Synthetic Crowdsourcing: A Machine-Learning Approach to Inconsistency in Adjudication

35 Pages Posted: 28 Nov 2015 Last revised: 7 Dec 2017

Hannah Laqueur

University of California, Davis

Ryan Copus

Harvard Law School

Date Written: December 6, 2017


The problem of inconsistent legal and administrative decision making is widespread and well documented. We argue that predictive models of collective decisions can be used to guide and regulate the decisions of individual adjudicators. This "synthetic crowdsourcing" approach simulates a world in which all judges cast multiple independent votes in every case. Synthetic crowdsourcing can extend the core benefits of en banc decision making to all cases while avoiding the dangers of group think. Similar to decision matrices such as the Federal Sentencing Guidelines, synthetic crowdsourcing uses statistical patterns in historical decisions to guide future decisions. But unlike traditional approaches, it leverages machine learning to optimally tailor that guidance, allowing for substantial improvements in the consistency and overall quality of decisions. We illustrate synthetic crowdsourcing with an original dataset built using text processing of transcripts from California parole suitability hearings.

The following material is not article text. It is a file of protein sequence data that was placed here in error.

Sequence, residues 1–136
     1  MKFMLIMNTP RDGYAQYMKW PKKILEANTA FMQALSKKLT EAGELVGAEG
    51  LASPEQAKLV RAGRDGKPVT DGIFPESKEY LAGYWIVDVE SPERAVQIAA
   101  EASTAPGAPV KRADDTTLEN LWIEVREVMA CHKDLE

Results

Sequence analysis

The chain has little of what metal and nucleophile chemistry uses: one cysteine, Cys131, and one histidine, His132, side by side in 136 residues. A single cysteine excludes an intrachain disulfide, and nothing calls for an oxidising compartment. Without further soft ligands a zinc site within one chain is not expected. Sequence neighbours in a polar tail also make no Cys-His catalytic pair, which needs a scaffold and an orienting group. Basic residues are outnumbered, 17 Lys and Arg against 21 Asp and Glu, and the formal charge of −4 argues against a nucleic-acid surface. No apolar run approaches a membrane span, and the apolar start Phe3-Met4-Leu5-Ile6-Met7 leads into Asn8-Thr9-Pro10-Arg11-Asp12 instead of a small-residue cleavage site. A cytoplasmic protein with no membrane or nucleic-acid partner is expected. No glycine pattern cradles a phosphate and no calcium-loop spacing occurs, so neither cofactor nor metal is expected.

Keywords: Judicial Decision Making, Machine Learning, Prediction, Forecasting, Judgmental Bootstrapping, Policy Capture, Inconsistency, Criminal Justice, Judgment and Decision Making, Parole

Suggested Citation

Laqueur, Hannah and Copus, Ryan, Synthetic Crowdsourcing: A Machine-Learning Approach to Inconsistency in Adjudication (December 6, 2017). Available at SSRN: or

Hannah Laqueur

University of California, Davis ( email )

One Shields Avenue
Davis, CA 95616
United States
9173642301 (Phone)

Ryan Copus (Contact Author)

Harvard Law School ( email )

1575 Massachusetts
Hauser 406
Cambridge, MA 02138
United States

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